5. Han, B., Liu, C. L., & Zhang, W. J. (2016). A method to measure the resilience of algorithm for operation management. IFAC-PapersOnLine, 49(12), 1442–1447.

  6. Harris, F. W. (1913). How many parts to make at once. Factory, The Magazine of Management, 10(2), 135–136.

  7. Henzold, G. (2006). Geometrical dimensioning and tolerancing for design, manufacturing and inspection: A handbook for geometrical product specification using ISO and ASME standards. Oxford: Butterworth-Heinemann.

  8. Hwang, K. H., Lee, J. M., & Hwang, Y. (2013). A new machine condition monitoring method based on likelihood change of a stochastic model. Mechanical Systems and Signal Processing, 41(1), 357–365.

  9. Kerzner, H. R. (2013). Project management: A systems approach to planning, scheduling, and controlling. New York: Wiley.

  10. Kuo, T., & Mital, A. (1993). Quality control expert systems: A review of pertinent literature. Journal of Intelligent Manufacturing, 4(4), 245–257.

  11. Liao, W., Li, D., & Cui, S. (2016). A heuristic optimization algorithm for HMM based on SA and EM in machinery diagnosis. Journal of Intelligent Manufacturing,. doi:10.1007/s10845-016-1222-1.

  12. Lu, C. J., Shao, Y. E., & Li, C. C. (2014). Recognition of concurrent control chart patterns by integrating ICA and SVM. Applied Mathematics and Information Sciences, 8(2), 681.

  13. Mahesh, B. P., & Prabhuswamy, M. S. (2010). Process variability reduction through statistical process control for quality improvement. International Journal for Quality Research, 4(3), 193–203.

  14. Miao, Q., & Makis, V. (2007). Condition monitoring and classification of rotating machinery using wavelets and hidden Markov models. Mechanical Systems and Signal Processing, 21(2), 840–855.

  15. Montgomery, D. C. (2007). Introduction to statistical quality control. New York: Wiley.

  16. Murphy, K. P. (2012). Machine learning: A probabilistic perspective. Cambridge: MIT Press.

  17. Natsagdorj, S., Chiang, J. Y., Su, C. H., Lin, C. C., & Chen, C. Y. (2015). Vision-based assembly and inspection system for golf club heads. Robotics and Computer Integrated Manufacturing, 32, 83–92.

  18. Pullan, T. T., Bhasi, M., & Madhu, G. (2010). Application of concurrent engineering in manufacturing industry. International Journal of Computer Integrated Manufacturing, 23(5), 425–440.

  19. Rabiner, L. R. (1989). A tutorial on hidden Markov models and selected applications in speech recognition. Proceedings of the IEEE, 77(2), 257–286.

  20. Rosenblatt, M. J., & Lee, H. L. (1986). Economic production cycles with imperfect production processes. IIE Transactions, 18(1), 48–55.

  21. Sarkar, B., & Moon, I. (2011). An EPQ model with inflation in an imperfect production system. Applied Mathematics and Computation, 217(13), 6159–6167.

  22. Shapiro, S. S., & Hahn, G. J. (1967). Statistical methods in engineering. New York: John Wiley and Sons.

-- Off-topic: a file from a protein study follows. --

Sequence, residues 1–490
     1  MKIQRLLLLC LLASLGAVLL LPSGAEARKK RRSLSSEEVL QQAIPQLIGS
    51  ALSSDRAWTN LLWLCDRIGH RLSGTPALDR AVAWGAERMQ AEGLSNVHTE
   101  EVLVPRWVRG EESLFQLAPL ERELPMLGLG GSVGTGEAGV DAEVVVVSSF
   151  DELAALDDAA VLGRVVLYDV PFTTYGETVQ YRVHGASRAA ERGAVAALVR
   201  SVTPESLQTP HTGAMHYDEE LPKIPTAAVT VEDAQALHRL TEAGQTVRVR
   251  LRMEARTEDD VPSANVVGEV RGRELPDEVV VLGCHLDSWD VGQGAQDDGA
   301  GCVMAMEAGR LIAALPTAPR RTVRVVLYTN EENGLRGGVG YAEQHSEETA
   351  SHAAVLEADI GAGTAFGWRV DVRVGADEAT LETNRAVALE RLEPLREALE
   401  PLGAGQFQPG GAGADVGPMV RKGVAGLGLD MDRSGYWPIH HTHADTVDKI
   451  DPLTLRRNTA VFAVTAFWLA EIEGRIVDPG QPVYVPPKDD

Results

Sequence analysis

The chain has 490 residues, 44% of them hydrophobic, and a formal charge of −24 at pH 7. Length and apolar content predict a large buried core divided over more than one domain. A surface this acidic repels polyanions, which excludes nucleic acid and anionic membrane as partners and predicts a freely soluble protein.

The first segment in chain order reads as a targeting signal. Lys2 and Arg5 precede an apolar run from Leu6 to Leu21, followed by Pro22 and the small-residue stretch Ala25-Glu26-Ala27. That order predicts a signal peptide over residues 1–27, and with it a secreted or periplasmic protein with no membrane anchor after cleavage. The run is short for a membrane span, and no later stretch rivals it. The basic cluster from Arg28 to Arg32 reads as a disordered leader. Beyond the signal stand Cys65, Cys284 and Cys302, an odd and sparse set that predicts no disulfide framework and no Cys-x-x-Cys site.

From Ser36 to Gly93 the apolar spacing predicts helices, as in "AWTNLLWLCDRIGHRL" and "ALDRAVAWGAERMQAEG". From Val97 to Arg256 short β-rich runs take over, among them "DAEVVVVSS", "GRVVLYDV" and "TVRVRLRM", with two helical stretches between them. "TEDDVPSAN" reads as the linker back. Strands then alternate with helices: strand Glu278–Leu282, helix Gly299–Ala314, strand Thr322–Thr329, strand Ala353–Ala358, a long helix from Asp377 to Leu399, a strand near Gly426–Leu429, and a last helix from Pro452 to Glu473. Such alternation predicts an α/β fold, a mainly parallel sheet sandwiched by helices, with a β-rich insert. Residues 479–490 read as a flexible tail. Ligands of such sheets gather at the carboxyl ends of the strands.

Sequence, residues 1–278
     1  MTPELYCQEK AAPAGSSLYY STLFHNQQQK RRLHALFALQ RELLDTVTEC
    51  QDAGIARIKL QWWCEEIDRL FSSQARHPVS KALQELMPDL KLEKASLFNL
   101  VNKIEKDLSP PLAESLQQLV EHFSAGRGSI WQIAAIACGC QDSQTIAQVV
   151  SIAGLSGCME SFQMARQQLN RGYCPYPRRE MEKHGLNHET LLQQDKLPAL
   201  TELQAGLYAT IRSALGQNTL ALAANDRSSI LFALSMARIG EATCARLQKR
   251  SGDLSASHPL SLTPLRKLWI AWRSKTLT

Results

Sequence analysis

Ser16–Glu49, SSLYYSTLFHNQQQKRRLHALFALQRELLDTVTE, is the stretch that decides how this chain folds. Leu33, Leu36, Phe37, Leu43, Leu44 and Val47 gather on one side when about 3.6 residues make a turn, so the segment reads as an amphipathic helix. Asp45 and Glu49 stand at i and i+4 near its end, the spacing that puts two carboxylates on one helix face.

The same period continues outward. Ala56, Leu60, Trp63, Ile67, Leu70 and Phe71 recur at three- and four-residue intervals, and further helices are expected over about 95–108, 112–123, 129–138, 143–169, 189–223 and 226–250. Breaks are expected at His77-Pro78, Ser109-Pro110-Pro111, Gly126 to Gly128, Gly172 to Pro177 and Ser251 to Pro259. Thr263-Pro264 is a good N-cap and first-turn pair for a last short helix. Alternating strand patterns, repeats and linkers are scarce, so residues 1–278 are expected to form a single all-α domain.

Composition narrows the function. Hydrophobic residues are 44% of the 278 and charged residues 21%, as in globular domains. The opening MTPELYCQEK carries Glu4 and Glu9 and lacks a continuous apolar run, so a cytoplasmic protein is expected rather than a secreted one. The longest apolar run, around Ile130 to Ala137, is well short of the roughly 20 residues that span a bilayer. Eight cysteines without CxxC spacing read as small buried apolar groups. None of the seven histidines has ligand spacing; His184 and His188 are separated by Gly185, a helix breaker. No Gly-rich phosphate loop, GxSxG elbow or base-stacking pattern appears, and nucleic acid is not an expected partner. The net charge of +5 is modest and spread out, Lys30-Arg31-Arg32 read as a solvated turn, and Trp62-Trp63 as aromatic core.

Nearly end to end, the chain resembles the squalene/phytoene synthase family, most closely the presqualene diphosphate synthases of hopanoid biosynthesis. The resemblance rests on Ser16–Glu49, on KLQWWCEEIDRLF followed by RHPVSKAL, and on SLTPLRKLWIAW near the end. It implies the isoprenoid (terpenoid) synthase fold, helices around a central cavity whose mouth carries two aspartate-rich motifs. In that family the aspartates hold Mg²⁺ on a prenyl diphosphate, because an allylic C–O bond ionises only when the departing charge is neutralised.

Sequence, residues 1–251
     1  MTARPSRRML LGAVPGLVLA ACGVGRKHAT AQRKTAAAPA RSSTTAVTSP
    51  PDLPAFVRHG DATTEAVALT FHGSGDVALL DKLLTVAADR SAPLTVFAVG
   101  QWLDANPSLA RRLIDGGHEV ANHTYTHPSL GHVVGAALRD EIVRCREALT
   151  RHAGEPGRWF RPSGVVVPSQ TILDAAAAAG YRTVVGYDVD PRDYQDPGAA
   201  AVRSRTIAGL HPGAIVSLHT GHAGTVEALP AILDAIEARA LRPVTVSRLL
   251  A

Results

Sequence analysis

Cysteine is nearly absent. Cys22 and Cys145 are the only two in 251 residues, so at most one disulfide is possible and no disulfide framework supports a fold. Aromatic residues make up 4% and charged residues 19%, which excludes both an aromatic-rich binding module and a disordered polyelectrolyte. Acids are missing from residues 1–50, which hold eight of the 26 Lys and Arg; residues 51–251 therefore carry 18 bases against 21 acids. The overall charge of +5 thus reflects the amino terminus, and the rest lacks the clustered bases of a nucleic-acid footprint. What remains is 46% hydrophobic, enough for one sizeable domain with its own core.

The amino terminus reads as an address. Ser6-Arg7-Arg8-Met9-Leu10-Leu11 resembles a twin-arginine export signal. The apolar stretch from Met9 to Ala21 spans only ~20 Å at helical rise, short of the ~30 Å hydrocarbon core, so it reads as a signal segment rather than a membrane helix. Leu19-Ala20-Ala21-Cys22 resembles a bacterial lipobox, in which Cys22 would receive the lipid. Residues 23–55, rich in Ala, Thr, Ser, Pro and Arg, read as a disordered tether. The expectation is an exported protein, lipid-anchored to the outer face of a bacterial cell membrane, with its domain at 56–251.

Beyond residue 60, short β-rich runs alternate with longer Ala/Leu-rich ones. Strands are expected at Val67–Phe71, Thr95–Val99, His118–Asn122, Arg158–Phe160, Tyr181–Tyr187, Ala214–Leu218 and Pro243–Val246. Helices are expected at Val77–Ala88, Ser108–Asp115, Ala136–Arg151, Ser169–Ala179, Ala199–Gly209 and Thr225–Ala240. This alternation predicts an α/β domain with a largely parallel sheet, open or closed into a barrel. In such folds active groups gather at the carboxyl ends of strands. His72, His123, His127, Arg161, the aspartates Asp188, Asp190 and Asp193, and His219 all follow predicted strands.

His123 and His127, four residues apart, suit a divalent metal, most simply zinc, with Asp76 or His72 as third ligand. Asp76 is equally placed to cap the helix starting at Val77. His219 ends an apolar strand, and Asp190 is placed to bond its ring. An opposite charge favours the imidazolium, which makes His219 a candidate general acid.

23. Shin, D., Park, J., Kim, N., & Wysk, R. A. (2009). A stochastic model for the optimal batch size in multi-step operations with process and product variability. International Journal of Production Research, 47(14), 3919–3936.

  24. Tai, A. H., Ching, W. K., & Chan, L. Y. (2009). Detection of machine failure: Hidden Markov model approach. Computers and Industrial Engineering, 57(2), 608–619.

  25. Western Electric Corporation. (1958). Statistical quality control handbook. New York: The Company.

  26. Xu, Y., & Ge, M. (2004). Hidden Markov model-based process monitoring system. Journal of Intelligent Manufacturing, 15(3), 337–350.

  27. Yang, Y., Zha, Z. J., Gao, M., & He, Z. (2015). A robust vision inspection system for detecting surface defects of film capacitors. Signal Processing, 124, 54–62.

  28. Yang, W. A., & Zhou, W. (2015). Autoregressive coefficient-invariant control chart pattern recognition in autocorrelated manufacturing processes using neural network ensemble. Journal of Intelligent Manufacturing, 26(6), 1161–1180.

  29. Yu, J. (2012). Multiway discrete hidden Markov model-based approach for dynamic batch process monitoring and fault classification. AIChE Journal, 58(9), 2714–2725.

  30. Zhang, W. J., & Van Luttervelt, C. A. (2011). Toward a resilient manufacturing system. CIRP Annals-Manufacturing Technology, 60(1), 469–472.

Download references

Author information

Correspondence to Dongmin Shin.

Rights and permissions

Reprints and Permissions

About this article

Verify currency and authenticity via CrossMark

Cite this article

Joo, T., Seo, M. & Shin, D. An adaptive approach for determining batch sizes using the hidden Markov model. J Intell Manuf 30, 917–932 (2019). https://doi.org/10.1007/s10845-017-1297-3

Download citation

Keywords

  • Adaptive batch size
  • Data-driven process control
  • Hidden Markov model
  • Process variability prediction
  • Product quality data
  • System state prediction